There have been a few kids out sledding down our street which took me back to when I started seventh grade at a new school that was close enough that I could walk home from school. That’s how I found Amalie Drive, a steep hill that seemed perfect for sledding, even though, in late August at the start of the school year, any chance of sledding seemed a long way off. And I’d also outgrown sledding, which is how I know I won’t have a “Rosebud” moment on my deathbed. I might look back wistfully at something else but it won’t be a treasured sled that I left behind when I was whisked away and sent to a boarding school by a wealthy banker, mostly because I never had a treasured sled—I had one but would only get to use it once or maybe twice a year—and also I was never sent to a boarding school.
Amalie Drive may not look like much on Google Maps, although you can see there’s a red British phone booth on the corner that’s been there since phone booths actually had phones in them. It rises gently on one side and then has a drop on the other side that’s so long and so steep I thought it would be perfect for sledding. That’s what I thought one August afternoon as I was climbing Amalie Drive on my way home, and I focused on that rather than Kevin, a school bully who’d tormented me all through sixth grade, and who was coming up Amalie behind me, although he was far enough away that I don’t think he recognized me, or maybe he just didn’t think I was worth the effort of running a quarter of a mile uphill. After that I took a different route home, cutting through yards and woods, and it was not only more scenic but less of a climb and probably shorter than sticking to the road.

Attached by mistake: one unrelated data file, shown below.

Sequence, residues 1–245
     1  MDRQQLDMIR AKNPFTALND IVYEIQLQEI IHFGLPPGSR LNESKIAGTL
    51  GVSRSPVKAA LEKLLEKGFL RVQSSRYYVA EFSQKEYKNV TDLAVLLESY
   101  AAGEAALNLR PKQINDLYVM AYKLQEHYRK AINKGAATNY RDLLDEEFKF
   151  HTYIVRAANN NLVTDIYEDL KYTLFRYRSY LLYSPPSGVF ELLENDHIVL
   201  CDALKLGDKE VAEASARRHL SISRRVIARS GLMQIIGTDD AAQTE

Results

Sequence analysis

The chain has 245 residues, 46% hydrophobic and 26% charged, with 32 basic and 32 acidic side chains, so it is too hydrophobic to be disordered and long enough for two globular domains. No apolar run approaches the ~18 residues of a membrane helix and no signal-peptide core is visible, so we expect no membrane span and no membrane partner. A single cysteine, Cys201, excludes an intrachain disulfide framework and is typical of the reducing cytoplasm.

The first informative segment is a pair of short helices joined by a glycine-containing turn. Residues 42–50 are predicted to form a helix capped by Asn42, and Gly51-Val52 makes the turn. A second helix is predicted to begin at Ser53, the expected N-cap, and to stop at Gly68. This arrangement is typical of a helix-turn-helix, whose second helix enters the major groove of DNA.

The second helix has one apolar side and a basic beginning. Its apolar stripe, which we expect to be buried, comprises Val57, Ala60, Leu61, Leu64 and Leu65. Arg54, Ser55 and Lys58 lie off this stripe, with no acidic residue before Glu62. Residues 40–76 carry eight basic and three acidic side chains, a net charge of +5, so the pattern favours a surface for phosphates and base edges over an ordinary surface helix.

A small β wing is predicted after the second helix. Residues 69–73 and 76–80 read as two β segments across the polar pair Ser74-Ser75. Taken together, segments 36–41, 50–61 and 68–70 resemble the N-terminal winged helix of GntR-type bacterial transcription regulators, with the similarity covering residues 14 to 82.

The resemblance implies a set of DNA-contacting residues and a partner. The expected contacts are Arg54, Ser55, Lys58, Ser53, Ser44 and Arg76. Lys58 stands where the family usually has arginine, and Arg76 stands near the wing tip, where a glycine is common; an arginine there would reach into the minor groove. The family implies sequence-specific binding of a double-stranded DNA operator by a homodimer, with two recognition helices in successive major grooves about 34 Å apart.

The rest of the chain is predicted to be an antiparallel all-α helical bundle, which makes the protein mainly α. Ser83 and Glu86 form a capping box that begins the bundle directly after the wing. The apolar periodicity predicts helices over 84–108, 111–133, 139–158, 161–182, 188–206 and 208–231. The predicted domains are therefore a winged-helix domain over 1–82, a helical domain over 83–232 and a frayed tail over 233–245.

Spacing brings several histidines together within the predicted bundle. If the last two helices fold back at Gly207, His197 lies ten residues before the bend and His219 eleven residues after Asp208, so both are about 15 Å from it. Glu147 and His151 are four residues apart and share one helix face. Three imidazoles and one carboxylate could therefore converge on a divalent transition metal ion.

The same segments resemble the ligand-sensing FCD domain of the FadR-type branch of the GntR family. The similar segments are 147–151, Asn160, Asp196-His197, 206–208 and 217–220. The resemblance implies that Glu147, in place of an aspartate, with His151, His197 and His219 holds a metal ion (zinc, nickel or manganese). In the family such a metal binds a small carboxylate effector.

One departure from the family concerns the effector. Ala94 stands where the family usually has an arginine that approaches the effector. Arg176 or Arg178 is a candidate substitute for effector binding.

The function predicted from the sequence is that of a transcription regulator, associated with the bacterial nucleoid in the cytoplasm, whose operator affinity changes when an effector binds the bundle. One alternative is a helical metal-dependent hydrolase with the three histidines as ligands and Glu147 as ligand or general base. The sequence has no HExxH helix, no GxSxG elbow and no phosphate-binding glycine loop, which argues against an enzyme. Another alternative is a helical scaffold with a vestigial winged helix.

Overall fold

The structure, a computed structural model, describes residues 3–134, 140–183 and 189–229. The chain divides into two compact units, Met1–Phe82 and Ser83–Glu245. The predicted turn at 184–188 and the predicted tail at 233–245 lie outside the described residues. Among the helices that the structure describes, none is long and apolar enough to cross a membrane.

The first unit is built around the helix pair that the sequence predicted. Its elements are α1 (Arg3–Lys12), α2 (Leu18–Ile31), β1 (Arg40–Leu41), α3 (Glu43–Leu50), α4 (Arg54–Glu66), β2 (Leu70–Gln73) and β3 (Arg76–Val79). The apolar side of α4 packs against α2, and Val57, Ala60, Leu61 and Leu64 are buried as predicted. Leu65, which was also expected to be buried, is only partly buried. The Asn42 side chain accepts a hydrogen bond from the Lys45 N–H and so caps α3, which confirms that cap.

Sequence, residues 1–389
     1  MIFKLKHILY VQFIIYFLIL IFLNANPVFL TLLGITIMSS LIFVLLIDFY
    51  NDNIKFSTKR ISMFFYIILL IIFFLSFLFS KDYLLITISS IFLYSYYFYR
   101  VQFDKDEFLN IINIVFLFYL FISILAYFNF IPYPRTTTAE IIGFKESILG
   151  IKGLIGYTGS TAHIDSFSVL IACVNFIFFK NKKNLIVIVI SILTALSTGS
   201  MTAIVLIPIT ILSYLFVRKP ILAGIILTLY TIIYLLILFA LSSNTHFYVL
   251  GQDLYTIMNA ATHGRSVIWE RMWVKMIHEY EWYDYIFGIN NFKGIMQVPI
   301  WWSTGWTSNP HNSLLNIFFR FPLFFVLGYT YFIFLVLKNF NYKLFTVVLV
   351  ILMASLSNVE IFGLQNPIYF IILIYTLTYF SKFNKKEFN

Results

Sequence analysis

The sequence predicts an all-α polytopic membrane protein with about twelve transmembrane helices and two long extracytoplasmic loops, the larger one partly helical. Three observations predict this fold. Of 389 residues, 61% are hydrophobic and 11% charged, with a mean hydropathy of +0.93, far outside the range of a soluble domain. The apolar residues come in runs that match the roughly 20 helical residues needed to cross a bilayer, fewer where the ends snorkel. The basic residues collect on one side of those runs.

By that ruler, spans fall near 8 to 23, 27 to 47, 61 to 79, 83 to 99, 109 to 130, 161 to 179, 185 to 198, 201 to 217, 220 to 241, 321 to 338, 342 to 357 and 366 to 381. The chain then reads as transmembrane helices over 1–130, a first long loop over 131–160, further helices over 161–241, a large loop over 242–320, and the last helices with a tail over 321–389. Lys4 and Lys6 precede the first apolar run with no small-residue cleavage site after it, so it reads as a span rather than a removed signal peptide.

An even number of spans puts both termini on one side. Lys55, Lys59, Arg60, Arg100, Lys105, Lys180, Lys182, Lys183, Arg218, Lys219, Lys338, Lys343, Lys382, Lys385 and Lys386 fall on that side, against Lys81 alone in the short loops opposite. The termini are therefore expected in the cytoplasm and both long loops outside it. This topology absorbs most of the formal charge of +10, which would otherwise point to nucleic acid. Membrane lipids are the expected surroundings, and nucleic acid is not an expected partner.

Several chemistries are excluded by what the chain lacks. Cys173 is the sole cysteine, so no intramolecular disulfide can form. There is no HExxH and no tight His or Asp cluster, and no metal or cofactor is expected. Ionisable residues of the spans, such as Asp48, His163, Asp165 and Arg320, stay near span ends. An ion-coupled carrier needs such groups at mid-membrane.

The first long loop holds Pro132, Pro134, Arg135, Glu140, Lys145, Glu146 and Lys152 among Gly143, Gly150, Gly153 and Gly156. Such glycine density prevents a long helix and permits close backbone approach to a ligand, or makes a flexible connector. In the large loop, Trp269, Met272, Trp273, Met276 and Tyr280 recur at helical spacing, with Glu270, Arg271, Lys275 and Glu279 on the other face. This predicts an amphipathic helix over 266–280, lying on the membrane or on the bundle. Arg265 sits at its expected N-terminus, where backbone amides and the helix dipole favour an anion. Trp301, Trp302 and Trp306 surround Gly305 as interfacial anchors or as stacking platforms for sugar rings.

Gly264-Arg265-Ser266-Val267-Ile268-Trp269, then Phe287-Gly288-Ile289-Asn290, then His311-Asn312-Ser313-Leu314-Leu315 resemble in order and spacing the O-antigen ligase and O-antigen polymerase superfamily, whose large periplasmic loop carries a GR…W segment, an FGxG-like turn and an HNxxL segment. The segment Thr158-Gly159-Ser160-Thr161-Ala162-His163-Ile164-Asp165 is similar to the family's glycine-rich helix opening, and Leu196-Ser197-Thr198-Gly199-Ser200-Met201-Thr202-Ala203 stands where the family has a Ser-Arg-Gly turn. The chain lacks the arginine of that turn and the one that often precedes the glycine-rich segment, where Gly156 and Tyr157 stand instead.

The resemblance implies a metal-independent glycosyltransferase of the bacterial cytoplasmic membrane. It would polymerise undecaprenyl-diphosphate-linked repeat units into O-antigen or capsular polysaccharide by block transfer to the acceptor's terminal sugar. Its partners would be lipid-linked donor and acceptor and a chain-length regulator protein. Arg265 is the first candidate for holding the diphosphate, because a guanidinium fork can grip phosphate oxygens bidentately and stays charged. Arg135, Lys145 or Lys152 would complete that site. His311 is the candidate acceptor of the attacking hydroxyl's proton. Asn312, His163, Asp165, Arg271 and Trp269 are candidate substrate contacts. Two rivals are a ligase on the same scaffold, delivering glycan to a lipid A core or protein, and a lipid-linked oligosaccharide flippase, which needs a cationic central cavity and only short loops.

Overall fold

As perfect as Amalie would have been for sledding it had, for me, a downside that wasn’t so great. It was far enough away from my house that it wasn’t worth dragging a sled all the way there, especially since I’d also have to drag it back uphill. Besides my next door neighbor’s backyard was almost as good: just past his driveway it sloped downward all the way to my friend Tony’s house, so I could not only sled down to see him but get him to drag the sled back up the hill with me. The neighbor was Mr. Rick, a nice guy who didn’t mind kids playing in his yard as long as we didn’t bother the pot plants he grew on his deck. Then he was killed in an accident while flying his private plane and the house was sold to another guy, Mr. Howard. Mr. Howard didn’t want kids in his yard and sometimes came out and stood on his deck with a drink in his hand and told me I’d better stay away when I was in my own yard, and I wish he’d kept Mr. Rick’s pot plants because he could really use something to mellow him out, but that’s another story.
That winter there was a big snowstorm. Like I said I’d outgrown sledding by that time but apparently Kevin hadn’t. I’m not sure why he came around to my neighborhood—it was a pretty long walk for him even when he wasn’t carrying a sled, but maybe he’d heard about this perfect hill for sledding and decided to give it a try. I was shoveling snow off my driveway. He looked over at me but I was so bundled up I don’t think he recognized me, or maybe he was too interested in sledding to bother me. He perched the sled at the top of the hill and was about to get on it when Mr. Howard stepped out, drink in hand, and yelled, “Hey kid, get out of my yard!”
Kevin’s whole body jerked and he slipped and fell a little bit down the hill.
“Didn’t you hear me?” said Mr. Howard. “Get out of here before I get my gun!”
Kevin had looked like he was about to make a smartass remark but at that threat he picked up his sled and trudged as fast as he could through the snow and left.
I don’t think I’ll ever outgrow finding that funny.